Visit Puerto Rico—No, Seriously

Destination: Puerto Rico

Puerto Rico had been graciously welcoming guests to the Caribbean island long before the Nina, Pinta, and Santa Maria reached the area. But on September 6, 2017, the eye of Hurricane Irma, a then-powerful Category 5 storm, skirts north of San Juan. Puerto Rico experiences a glancing blow with 100-mph gusts, but the island avoids the worst of the storm’s effects. Still, there is recovery to be made.

Soon after that on September 13, a low-pressure system, moving west to east, develops in the tropical Atlantic. The National Hurricane Center believes it will strengthen in the days to come, as there’s plenty of ocean heat for the cyclone to suck up. On September 20, Hurricane Maria—a powerful Category 4 hurricane with 150-mph winds makes direct landfall on Puerto Rico, blasting the entire island and drenching the territory with feet of rain. On September 25, Puerto Rico Gov. Ricardo Rosselló states, “Make no mistake—this is a humanitarian disaster involving 3.4 million US citizens.” The impact of the hurricane is catastrophic. Enter Waves For Water stage left.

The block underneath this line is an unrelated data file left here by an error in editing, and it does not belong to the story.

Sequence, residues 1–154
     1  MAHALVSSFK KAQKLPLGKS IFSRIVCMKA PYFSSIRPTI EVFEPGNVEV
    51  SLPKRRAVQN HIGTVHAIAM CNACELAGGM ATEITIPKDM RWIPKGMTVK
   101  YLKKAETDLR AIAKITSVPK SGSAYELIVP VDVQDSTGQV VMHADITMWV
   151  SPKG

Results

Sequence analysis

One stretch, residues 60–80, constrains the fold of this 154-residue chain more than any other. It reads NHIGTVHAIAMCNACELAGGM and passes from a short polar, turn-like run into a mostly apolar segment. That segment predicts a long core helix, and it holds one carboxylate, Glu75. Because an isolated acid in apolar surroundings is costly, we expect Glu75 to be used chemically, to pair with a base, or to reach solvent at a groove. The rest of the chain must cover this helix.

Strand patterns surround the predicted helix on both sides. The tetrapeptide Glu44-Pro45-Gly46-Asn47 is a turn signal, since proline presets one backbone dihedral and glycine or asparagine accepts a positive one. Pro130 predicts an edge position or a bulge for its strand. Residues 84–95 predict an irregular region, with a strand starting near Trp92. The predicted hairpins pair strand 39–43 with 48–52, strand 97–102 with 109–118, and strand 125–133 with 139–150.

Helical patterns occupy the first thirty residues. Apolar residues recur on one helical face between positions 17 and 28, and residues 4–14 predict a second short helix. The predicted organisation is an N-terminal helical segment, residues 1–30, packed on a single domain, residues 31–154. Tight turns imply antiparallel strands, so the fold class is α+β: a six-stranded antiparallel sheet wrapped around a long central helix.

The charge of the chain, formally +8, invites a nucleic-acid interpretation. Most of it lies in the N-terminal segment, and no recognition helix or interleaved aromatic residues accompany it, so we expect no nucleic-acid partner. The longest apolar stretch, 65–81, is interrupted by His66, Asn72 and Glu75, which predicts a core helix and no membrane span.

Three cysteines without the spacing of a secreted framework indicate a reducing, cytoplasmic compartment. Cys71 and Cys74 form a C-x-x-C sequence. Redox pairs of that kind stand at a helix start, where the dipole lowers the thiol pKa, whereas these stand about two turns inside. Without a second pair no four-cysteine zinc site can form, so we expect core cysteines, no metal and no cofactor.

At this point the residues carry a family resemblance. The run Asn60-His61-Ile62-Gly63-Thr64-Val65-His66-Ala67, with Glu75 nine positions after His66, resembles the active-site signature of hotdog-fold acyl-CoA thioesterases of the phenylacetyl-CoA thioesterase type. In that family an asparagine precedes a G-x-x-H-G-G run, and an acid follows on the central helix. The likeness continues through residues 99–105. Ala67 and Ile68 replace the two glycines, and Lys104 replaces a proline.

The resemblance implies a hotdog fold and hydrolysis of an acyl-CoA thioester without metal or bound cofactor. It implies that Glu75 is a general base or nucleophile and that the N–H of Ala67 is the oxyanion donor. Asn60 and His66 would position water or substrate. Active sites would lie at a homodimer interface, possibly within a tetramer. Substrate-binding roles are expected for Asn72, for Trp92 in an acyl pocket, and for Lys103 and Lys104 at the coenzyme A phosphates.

Waves For Water is a non-profit organization that works on the frontline of relief, providing aid and clean water solutions to communities in need around the world. Since 2009, Waves For Water has helped millions with access to clean drinking water and creative solutions to support communities during disaster relief. W4W was one of the first organizations with boots on the ground. The following is a field report from Robert McQueen, Waves For Water Field Operations Director, who has been on the front lines of supporting Puerto Rico since the day Maria hit.

There have been many organizations with tens of thousands of volunteers and multiple ongoing efforts supporting 2017 hurricane relief across the US, and beyond, these include government in local communities and independent organizations. The continued efforts and resiliency of communities like Puerto Rico are an inspiration on what is possible. However, there is still much to be done.


From Robert McQueen, W4W Field Operations Director, March 1, 2017: